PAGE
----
Mitochondria are the Canary in the Coal Mine
Because mitochondria sense threat or injury and send signals to other cells that there is danger, they must reprogram to move through the healing cycle. Different mitochondria perform different roles – some fight infections, others learn, and some help heal from injury. When complete healing occurs, the mitochondrial network is reconnected. However, if the mitochondrial network is blocked, a repeating loop keeps people stuck in chronic illness.
“Any cell that has mitochondria that can’t change their function is either diseased, dead, or soon will be.” Robert Naviaux, MD, PhD
ATP Release From Cells Signals Danger
The energy currency of cells, ATP, is released from cells under stress. The greater the stress, the greater the release of ATP. Extracellular ATP is the critical regulator of cell danger response. Damaged cell membranes allow the release of ATP through channels. Then, more channels open and release other compounds, including inflammatory cytokines. Dr. Naviaux refers to this as the ripple effect.
Oxidative stress from chemicals, toxins, infections, and more contribute to cell membrane damage. One approach to healing the cell danger response contributing to chronic illnesses is to repair damaged cell membranes with phospholipids. I have found this approach effective in my practice.
Mitochondrial Function vs. Dysfunction
Mitochondria provide hundreds of functions. Mitochondria are constantly recalibrating their function to meet the needs of local signals. Therefore, normal function depends on requirements at different times and locations. For mitochondria to heal after damage or stress, they must change their function.4
Stages of Mitochondrial Repair
The mitochondria go through various stages of healing. Healing is a process that occurs in a programmed sequence of functional states. The M2 stage refers to health; M1 is the proinflammatory stage; M0 is a proliferative stage. Once injury or damage occurs, mitochondria move from M2 to M1, the first stage of cell danger response (CDR1). Mitochondrial repair transitions from M1 to M0 in the cell danger response 2 (CDR2). Eventually, the goal is for mitochondria to heal and return to M2.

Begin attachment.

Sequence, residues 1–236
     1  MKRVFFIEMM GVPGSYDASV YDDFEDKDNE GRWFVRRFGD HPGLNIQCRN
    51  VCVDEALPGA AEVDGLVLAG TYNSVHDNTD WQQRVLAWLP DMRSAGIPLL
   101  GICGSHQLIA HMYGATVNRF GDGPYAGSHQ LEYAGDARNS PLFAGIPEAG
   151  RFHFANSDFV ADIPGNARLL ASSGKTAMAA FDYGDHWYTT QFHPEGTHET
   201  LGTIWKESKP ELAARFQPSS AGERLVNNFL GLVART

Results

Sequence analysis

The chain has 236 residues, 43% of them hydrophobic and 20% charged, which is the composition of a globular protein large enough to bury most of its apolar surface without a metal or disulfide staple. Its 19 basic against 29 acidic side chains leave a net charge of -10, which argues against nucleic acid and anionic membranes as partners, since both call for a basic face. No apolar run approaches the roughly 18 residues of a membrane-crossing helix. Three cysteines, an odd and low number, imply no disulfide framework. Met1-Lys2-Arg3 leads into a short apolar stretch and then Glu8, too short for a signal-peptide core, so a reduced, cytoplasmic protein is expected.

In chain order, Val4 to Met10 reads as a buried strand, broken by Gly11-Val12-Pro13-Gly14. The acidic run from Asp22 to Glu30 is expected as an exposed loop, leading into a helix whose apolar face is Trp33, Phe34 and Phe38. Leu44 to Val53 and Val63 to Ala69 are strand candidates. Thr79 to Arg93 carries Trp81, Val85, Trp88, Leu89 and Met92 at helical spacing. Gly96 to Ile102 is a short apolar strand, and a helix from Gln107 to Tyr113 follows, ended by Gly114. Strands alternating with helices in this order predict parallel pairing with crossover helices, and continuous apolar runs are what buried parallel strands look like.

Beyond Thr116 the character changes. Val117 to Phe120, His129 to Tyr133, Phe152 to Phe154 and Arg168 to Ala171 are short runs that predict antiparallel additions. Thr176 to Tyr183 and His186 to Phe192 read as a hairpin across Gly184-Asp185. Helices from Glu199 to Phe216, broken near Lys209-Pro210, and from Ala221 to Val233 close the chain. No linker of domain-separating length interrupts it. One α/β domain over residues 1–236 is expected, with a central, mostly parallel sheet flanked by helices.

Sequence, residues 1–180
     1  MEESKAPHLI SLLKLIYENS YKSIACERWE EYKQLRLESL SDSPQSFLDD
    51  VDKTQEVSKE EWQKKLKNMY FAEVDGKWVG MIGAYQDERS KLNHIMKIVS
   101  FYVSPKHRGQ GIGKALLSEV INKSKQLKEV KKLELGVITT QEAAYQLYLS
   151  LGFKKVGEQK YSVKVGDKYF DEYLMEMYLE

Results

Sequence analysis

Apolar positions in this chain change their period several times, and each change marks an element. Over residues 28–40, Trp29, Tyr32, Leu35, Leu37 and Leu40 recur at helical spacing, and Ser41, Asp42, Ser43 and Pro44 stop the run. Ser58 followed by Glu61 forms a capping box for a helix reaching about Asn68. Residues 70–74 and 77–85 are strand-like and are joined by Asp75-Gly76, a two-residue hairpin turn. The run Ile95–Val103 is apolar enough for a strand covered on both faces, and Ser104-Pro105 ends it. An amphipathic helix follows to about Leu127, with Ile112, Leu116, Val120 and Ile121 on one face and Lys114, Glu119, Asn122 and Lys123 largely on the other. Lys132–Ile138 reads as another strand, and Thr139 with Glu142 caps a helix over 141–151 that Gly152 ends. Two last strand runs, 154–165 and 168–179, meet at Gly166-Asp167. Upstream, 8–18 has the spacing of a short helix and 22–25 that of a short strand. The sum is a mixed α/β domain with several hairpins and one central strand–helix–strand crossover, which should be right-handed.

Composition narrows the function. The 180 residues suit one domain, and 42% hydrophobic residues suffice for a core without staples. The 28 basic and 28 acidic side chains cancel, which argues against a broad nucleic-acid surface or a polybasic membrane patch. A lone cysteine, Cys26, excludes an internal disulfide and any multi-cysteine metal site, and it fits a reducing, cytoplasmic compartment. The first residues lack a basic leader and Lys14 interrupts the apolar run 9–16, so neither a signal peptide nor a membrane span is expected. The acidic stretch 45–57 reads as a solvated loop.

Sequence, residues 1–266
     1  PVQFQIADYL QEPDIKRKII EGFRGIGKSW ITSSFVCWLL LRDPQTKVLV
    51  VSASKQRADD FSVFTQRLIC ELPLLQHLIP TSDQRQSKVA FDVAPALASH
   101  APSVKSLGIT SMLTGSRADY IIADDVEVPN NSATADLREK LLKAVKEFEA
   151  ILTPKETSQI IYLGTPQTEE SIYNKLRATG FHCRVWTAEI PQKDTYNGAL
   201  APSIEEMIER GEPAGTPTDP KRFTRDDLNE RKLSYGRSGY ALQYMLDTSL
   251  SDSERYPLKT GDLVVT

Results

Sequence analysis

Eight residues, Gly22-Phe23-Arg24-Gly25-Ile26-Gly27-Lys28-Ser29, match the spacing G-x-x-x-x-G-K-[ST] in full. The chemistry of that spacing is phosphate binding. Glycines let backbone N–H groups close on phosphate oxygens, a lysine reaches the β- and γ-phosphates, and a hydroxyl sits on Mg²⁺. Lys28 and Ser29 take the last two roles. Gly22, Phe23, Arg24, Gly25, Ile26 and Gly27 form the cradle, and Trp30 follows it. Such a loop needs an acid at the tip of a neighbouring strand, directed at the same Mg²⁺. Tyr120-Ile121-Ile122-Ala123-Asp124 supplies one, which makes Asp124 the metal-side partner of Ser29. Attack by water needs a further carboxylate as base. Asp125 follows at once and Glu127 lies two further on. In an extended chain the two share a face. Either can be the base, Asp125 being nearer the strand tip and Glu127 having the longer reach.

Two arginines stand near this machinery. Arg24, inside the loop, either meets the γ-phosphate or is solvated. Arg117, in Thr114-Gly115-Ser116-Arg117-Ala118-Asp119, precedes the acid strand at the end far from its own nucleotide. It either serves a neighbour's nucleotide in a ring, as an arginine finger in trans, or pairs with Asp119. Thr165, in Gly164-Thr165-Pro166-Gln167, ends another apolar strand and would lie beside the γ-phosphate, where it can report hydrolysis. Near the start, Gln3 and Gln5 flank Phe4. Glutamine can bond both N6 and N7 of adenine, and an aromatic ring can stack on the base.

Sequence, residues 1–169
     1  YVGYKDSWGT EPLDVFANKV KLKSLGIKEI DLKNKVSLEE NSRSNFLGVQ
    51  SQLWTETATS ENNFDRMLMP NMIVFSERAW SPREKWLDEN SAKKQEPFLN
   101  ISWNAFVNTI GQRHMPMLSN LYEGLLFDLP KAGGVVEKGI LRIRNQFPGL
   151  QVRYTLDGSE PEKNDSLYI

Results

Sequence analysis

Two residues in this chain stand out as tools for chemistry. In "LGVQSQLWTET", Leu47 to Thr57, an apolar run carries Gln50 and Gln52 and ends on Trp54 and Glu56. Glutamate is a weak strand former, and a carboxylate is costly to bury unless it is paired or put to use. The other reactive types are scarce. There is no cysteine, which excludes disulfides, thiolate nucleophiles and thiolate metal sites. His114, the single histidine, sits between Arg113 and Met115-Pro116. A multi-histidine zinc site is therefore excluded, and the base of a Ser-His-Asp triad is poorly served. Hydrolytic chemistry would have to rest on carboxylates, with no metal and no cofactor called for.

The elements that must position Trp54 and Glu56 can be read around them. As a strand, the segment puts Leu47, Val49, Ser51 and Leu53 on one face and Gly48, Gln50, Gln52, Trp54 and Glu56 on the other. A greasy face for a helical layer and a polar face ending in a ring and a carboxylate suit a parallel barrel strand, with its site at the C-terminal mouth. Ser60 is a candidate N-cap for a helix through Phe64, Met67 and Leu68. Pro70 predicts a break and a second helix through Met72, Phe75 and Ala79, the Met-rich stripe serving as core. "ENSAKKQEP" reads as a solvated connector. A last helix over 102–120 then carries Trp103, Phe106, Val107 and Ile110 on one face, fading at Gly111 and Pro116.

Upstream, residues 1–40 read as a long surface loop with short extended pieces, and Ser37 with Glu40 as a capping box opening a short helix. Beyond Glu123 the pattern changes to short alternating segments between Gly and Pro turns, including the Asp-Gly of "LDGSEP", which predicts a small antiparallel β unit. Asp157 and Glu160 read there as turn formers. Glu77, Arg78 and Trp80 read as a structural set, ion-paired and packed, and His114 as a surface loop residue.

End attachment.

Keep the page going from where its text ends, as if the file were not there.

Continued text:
The stages of mitochondrial healing and cell danger response can be confusing for people without a medical or scientific background. What is essential to understand is that mitochondria go through a repair process that correlates with the phases of the cell danger response.
The Hit and Run Exposure
Sometimes, a person is exposed to a virus, bacteria, or toxin, and then that pathogen or toxin is cleared. The initial insult is no longer present, which is likened to a hit and run.” Healing is complete if the damage or injury is repaired within six months. Energy is required to heal if mitochondria do not heal within six months of an injury or stress. The damage or injury persists because cellular signals inform mitochondria that danger is still present and healing is incomplete. Interestingly, the vagus nerve tells the brain that danger is gone.
Three Hit Model of Chronic Illness
It is common for people with chronic illness to have experienced multiple “insults” over the years before they become sick. A person may have had Epstein-Barr virus in college, a head injury in their 20s, and then exposed to mold later in life. Symptoms develop after a tipping point, and the most recent insult is often blamed as the cause. I frequently see this with Long COVID.
Over 90% of chronic illnesses have multiple causes. Chronic disease can develop if there is significant severity or duration of one exposure, but there are typically two additional “hits.” Dr. Naviuax references the Developmental Origins of Health and Disease (DOHaD) model, which indicates a genetic and environmental predisposition to disease.5 There is a period before symptoms begin when someone is exposed to environmental exposures that trigger the cell danger response. Once the perfect storm of events occurs, symptoms develop. Eventually, more minor triggers produce a more significant response, contributing to the progression and persistence of chronic illness.
Cell Danger Response as a Cause of Chronic Illness
The incidence of chronic illnesses has risen significantly in the last fifty years. Over 90% of diseases people suffer from are chronic and create a significant impact on their quality of life. Dr. Naviaux’s model of cell danger response and how it contributes to incomplete healing in chronic disease provides a valuable framework for recovering from these debilitating conditions. Focusing on what caused the illness (pathogenesis) and not addressing healing (salugenesis) keeps people stuck in chronic disease and poor quality of life.
For example, this is seen in chronic Lyme disease. A person takes antibiotics for months or years, but their symptoms persist. The infection causes damage to cells and mitochondria and contributes to symptoms. The cause or trigger can be removed, but chronic disease persists because healing is incomplete. As Dr. Naviaux says about healing from chronic illness, “It is a whole body process that begins with mitochondria and the cell.”